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Guest blogger Jenn Ochman, Database Publishing Production Specialist in the Branding and Communication Department at Benco Dental, dedicates her time outside work to historical reenactment. She shares knowledge of dental history with TheDailyFloss.com readers on a monthly basis.

A world in miniature: Dentistry and art intersect, again.

Dentists — in every instance artists of the oral cavity — focus on the mouth’s architecture (prosthodontist, oral surgeon), civil (periodontist) and structural (orthodontist) engineering, and interior design (general and cosmetic dentist).

Takahiro Iwasaki, an artist in a related medium, constructs original architectural structures (shown, courtesy Colossal) in intricate detail as well.

Using the finest bristles of toothbrushes, he assembles delicate creations in the form of radio towers and power lines.

Talk about perfection in small spaces.

See more from this Japanese artist and his ongoing series, Out of Disorder (Brushes of World) at: http://www.thisiscolossal.com/2017/04/takahiro-iwasaki-toothbrush-sculptures/

 

Bringing coffee stains to a grinding halt?

No preservatives, no artificial flavors, no stabilizers, no sugar, no sweeteners.

No coffee-stained teeth.

Touted as the “first colorless coffee drink in the world,” CLR CFF, a clear coffee, involves Arabica coffee beans and pure water, according to the siblings who created it.

Slovakian David Nagy, who founded CLR CFF with his brother Adam told The Evening Standard that inspiration struck when they were living in London:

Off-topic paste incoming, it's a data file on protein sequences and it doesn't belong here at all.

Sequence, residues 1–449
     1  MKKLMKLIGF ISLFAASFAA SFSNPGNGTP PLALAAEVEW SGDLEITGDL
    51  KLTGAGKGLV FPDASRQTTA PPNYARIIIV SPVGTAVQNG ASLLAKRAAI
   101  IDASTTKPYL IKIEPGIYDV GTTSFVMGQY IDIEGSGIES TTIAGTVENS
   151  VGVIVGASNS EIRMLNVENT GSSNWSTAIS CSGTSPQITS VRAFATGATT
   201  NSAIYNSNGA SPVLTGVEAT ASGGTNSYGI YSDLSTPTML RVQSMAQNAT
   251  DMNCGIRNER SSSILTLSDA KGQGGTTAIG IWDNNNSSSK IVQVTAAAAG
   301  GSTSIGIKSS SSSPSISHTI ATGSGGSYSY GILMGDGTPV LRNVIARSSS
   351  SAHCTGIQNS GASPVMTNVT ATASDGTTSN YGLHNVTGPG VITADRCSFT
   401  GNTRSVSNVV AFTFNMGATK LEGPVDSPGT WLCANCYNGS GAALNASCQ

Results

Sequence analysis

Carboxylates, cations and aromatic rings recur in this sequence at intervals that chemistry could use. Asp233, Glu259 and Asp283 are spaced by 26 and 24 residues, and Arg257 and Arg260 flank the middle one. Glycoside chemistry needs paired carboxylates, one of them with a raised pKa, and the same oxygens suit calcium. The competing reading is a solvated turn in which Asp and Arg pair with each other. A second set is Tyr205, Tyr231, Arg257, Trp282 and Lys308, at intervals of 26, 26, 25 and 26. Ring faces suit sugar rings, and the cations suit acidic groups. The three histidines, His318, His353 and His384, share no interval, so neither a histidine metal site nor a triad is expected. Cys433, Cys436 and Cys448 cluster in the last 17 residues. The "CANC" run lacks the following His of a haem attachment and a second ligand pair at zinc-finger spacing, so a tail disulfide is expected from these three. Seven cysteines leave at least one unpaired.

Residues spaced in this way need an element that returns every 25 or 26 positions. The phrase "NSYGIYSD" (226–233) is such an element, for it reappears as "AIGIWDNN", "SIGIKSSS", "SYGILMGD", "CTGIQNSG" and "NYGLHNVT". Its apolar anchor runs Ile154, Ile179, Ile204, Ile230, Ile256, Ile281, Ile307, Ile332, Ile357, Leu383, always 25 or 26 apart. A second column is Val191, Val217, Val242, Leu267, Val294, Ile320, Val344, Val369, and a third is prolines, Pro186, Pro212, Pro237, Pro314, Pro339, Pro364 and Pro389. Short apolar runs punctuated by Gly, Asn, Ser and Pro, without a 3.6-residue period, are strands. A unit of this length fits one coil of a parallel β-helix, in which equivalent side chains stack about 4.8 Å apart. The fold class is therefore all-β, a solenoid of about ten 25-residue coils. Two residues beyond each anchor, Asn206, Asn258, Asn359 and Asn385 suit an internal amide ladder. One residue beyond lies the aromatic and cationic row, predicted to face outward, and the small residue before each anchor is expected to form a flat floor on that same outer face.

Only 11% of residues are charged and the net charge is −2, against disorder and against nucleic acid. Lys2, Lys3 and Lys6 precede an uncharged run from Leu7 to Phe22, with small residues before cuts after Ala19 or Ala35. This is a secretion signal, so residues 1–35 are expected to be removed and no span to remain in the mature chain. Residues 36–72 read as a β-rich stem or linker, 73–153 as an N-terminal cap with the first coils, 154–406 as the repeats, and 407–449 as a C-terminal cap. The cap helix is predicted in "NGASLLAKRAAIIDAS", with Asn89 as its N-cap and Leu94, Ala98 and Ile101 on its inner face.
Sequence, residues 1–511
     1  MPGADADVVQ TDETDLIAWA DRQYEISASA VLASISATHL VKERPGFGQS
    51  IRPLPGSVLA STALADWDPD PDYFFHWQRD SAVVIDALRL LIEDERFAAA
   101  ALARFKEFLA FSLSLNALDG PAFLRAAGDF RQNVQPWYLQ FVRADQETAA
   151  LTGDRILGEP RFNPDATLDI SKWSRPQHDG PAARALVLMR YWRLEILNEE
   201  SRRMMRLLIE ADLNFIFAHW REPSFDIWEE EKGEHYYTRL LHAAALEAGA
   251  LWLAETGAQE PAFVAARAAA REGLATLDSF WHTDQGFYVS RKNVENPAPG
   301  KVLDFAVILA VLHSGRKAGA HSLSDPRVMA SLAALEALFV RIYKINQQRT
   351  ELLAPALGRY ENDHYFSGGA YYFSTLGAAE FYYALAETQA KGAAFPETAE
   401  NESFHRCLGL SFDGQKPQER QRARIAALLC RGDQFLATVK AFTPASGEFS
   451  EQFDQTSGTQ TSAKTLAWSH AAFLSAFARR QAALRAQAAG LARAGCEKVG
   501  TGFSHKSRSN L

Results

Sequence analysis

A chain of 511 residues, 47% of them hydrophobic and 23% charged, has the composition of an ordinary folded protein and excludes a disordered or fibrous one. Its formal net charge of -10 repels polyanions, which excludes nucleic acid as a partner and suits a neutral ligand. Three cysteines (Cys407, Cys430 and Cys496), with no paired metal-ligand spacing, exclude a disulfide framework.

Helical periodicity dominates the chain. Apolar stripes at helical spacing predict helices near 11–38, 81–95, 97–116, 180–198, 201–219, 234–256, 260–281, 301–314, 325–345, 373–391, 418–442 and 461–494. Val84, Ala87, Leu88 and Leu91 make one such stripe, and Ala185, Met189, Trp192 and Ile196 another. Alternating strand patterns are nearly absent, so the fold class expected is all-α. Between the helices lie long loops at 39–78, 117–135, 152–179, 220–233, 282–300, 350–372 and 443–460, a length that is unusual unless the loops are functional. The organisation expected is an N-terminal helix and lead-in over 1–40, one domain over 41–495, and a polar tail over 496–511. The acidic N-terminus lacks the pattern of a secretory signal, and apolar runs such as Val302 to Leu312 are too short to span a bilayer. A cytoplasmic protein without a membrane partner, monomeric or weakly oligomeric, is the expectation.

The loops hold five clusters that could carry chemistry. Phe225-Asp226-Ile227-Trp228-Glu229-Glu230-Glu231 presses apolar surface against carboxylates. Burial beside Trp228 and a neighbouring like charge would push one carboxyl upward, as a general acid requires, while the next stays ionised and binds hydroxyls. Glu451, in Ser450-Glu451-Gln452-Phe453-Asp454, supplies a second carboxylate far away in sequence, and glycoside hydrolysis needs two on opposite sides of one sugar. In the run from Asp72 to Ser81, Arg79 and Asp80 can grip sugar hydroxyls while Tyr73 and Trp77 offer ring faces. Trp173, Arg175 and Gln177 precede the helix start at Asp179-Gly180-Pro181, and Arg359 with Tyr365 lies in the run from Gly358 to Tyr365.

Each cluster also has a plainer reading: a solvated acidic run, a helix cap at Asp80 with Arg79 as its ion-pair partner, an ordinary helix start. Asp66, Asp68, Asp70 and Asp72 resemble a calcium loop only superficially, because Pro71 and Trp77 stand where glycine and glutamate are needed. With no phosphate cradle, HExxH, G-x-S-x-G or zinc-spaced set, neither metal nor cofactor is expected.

“We are heavy coffee drinkers. Like many other people we struggled with the teeth stains caused by it. There was nothing on the market that would suit our needs so we decided to create our own recipe.”

What will this mean to a world that “runs on Dunkin”? Will there still exist a “best part of waking up”?

At 5.99£ or $7.70 for two 6.7628 fluid ounces bottles ($3.85 each), this clear alternative keeps pace with the green goddess of Starbucks.

While this seems to warrant a celebration among the dental community, the ramifications are endless.

Has anyone broken the news to Juan Valdez or the Edison Award™-winning Keurig® Vue® brewer?

pantone-array-feat-image

Photo courtesy Sprudge.com

Or to Pantone, where at least 14 colors have coffee or coffee-related names, according to Sprudge.com  (Turkish Coffee (19-0812), Coffee Bean (19-0915), Chicory Coffee (19-1419), Mocha Mousse (17-1230), Coffee Liqueúr (18-0930), and Café au Lait (17-1227) among them)?

To the positive, post-meeting coffee rings on vital documents will fade gracefully, along with newsprint ink-stained fingers from the morning paper.

Just like the aroma from the morning cup of joe.

As long as red wine and cigarettes haven’t left the party, though, teeth whitening inventors can still sleep at night.

Naysayers, let the debates begin.

shutterstock_207485305

 

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A relative newcomer to the bitter brew, Kristie Ceruti buzzed her way through the 1990s with Jolt, Red Bull and green tea. This Molar Muse drinks her daily iced coffee through a straw — (online) newspaper in hand — and gets the jitters just thinking about a clear new world.